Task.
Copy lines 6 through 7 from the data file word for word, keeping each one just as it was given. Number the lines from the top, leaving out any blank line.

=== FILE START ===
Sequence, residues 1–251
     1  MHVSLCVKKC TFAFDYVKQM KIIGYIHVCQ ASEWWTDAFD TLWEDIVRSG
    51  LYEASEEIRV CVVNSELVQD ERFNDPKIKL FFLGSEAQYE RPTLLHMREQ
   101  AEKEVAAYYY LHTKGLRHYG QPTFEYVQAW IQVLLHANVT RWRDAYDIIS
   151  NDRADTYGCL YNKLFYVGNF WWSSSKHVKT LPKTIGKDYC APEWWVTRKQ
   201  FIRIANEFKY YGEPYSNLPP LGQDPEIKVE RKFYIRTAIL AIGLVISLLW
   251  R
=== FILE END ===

   201  FIRIANEFKY YGEPYSNLPP LGQDPEIKVE RKFYIRTAIL AIGLVISLLW
   251  R